By Sue Moore
Katie Polasek, a 1997 Vicksburg High School (VHS) graduate, has returned to West Michigan with a Ph.D. and a job teaching biomedical engineering at Hope College in Holland.
Many of the interests and activities she was involved in as a child growing up in Vicksburg have followed her into her adult life.
In elementary school while watching a concert, she was intrigued with the coordinated muscle movements of the trombone players and went on to play the trombone and became a section leader in the VHS band.
She was also on Vicksburg’s cross-country and track teams.
“I wasn’t very coordinated as a child, but I could run fast, so I found what I was good at and pursued it to the point where I was even inducted into the Vicksburg High School Athletic Hall of Fame in 2013,” she said.
When it came time for college, she decided on the University of Michigan which caused some consternation when it was announced during senior night at a VHS football game.
“When the announcer said ‘Katie Polasek will be attending the University of Michigan,’ the entire stadium looked at my dad, the diehard MSU fan, and said ‘WHAT?’ she said.
Off to college, she was like lots of young people and didn’t have a clue what she wanted to do after high school, but she at least knew what she liked.
“I liked math, engineering and medicine and saw biomedical engineering as a career option in the SAT test booklet and looked it up,” she said. “My undergraduate major turned out to be mechanical engineering, but I was intrigued by how the muscles and nerves worked together to cause the hand to perform complex movements. This sent me on to study biomedical engineering.”
Besides her studies, Polasek was rank and section leader in the University of Michigan band where she led the line of trombones out of the tunnel her senior year. It was a glorious time to be a U of M student with an undefeated season and a trip to the 1998 Rose Bowl her freshman year, she said.
Her busy college life was not all good fortune, however. She learned she had cancer, Hodgkin’s disease, while in her junior year. She arranged her treatments so they would have minimal impact on marching band and took a slightly lighter load of classes.
“This probably worried my parents, John and Liz Polasek, a lot more than it did me,” she said. “The treatment was about seven months of chemo and two months of radiation. I slept more, but was able to keep up okay and there is a high remission or cure rate with this kind of cancer.”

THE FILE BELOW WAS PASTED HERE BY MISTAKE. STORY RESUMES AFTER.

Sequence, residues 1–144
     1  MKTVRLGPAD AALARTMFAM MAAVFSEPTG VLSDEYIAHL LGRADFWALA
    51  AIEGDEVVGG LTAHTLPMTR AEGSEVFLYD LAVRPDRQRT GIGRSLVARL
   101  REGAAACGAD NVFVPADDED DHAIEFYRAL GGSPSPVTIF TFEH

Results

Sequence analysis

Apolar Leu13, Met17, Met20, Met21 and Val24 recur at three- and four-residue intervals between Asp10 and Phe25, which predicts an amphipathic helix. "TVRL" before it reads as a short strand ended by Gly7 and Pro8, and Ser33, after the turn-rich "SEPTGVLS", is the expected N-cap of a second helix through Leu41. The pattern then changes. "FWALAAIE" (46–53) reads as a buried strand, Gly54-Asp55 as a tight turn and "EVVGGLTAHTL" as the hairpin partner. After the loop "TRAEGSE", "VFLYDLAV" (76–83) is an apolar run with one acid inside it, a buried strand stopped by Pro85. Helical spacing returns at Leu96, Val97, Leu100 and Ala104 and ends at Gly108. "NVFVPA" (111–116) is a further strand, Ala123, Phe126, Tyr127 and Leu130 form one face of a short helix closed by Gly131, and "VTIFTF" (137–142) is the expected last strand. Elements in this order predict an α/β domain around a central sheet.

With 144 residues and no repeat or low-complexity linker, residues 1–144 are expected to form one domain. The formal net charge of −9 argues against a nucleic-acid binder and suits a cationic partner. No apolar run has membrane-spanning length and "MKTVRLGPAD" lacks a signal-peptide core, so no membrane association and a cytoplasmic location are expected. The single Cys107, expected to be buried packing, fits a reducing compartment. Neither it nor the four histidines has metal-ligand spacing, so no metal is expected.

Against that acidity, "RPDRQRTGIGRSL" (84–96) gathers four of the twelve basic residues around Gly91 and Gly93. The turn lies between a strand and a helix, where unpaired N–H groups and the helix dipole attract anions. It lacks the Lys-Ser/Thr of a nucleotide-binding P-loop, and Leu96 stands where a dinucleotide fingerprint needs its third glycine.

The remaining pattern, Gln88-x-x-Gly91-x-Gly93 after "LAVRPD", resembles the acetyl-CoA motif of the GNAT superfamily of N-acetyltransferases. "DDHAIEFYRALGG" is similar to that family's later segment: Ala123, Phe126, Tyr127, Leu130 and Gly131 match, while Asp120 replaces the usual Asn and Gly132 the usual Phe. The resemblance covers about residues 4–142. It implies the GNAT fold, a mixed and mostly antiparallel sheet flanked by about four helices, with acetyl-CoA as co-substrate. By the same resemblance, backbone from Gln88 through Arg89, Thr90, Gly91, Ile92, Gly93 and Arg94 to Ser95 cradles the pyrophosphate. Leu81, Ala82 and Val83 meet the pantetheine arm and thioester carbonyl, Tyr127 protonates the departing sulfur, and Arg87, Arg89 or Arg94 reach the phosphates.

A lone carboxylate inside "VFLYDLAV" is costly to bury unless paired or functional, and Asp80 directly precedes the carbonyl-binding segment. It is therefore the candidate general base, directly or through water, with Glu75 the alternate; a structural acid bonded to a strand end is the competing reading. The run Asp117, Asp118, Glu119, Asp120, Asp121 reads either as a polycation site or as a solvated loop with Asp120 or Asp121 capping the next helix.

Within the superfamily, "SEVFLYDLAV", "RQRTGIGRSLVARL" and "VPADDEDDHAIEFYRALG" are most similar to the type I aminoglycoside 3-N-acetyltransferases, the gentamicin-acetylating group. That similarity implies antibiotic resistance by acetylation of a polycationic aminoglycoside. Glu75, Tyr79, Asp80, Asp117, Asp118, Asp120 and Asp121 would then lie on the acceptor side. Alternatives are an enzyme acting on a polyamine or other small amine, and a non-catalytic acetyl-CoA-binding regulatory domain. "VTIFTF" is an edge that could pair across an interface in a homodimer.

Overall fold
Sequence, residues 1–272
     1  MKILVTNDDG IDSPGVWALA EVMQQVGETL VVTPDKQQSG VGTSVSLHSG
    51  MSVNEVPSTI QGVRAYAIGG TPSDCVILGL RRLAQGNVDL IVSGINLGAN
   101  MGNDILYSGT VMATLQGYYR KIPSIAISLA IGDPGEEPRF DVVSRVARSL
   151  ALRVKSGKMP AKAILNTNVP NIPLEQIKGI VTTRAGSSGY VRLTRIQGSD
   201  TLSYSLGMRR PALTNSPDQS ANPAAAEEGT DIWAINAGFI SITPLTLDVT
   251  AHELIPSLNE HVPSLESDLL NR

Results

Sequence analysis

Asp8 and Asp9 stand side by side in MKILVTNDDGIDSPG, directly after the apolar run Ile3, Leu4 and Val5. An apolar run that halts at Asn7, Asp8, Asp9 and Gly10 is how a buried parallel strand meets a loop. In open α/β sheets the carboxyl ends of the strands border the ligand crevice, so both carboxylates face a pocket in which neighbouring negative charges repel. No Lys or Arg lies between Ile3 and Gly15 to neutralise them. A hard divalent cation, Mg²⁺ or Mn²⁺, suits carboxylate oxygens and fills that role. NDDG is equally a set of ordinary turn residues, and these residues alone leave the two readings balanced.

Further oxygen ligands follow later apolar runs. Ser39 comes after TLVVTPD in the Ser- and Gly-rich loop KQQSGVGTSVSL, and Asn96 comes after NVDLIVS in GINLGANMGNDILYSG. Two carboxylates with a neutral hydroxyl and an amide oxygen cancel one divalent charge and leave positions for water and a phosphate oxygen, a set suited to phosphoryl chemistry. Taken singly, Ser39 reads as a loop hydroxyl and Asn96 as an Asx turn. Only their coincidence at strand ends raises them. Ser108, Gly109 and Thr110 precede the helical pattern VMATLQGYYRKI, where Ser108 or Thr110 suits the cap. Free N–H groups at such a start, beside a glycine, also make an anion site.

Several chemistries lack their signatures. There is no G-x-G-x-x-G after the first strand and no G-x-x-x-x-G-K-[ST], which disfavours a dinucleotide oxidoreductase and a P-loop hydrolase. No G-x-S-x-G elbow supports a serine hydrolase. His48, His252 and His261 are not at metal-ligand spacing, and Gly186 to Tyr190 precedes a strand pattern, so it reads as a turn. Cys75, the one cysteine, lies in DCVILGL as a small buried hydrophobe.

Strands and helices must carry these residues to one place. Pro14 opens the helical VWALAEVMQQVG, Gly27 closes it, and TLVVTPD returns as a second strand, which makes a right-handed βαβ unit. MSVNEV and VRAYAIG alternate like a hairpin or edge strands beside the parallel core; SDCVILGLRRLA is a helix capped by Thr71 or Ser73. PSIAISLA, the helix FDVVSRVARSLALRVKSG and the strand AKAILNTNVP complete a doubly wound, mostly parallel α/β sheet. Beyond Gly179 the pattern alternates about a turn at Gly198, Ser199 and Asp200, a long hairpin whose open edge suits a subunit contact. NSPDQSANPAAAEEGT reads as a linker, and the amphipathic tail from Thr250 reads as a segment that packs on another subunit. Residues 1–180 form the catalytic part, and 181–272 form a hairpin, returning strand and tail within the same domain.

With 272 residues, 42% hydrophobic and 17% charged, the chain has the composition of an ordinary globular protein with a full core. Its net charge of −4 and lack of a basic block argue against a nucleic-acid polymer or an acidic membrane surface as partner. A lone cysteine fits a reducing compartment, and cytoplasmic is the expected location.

After college, she was offered a graduate fellowship from Case Western Reserve University and headed to Cleveland. As part of her study, she joined a research team helping people who were paralyzed regain some arm movement. One person she worked with was eventually able to bring a sandwich up to her mouth with the successful implant that Polasek’s team had devised.
In addition to her graduate work, she made time for some of the activities she had pursued at VHS. She ran in three marathons, including the Boston Marathon. She played trombone in community bands. And she even had time to develop a new passion: hockey. She had started with roller hockey in college and ice skates seemed like a natural extension for her.
“I love skating fast and taking the puck away from people and the exhaustion at the end of the game,” she said. “I still play in a league in Hudsonville.”
After she obtained her PhD in 2007, she went to Honduras for two months to continue helping in a small community where she had served previously for shorter time periods with her church, working in an orphanage and doing service projects. Then, she returned to Cleveland for postdoctoral work in electrical activation of sensation.
“This project was about sensory feedback for amputees, so they could feel what was happening in their prosthetic hand,” she said. “I worked to set up the study but left before the first implant. I was ready to move on with life and start my own research group.”
Around this time, she married Greg Bassett, a musician and philosopher, who is a nice complement to the engineer in her. He is also teaching at Hope College.
It is rare to find an engineering program at a liberal arts college so when Polasek heard that Hope College offered engineering and was hiring, the possibility of returning to the area was appealing. She accepted a faculty position in 2010, and now teaches classes in electrical and biomedical engineering in addition to leading a research group of three to five students each year.
“My research has to do with using electrodes, something like a sticker you put on skin, to activate sensory nerves, so the subject feels something happening in their hand” she said. “This is the first step in developing a therapy for amputees with phantom limb pain.”
She has also enjoyed being back in the area. She comes regularly to Vicksburg to see her parents, and take advantage of eager babysitters for her two sons: Isaac born in February, 2012, and Theodore (Teddy) in November, 2013.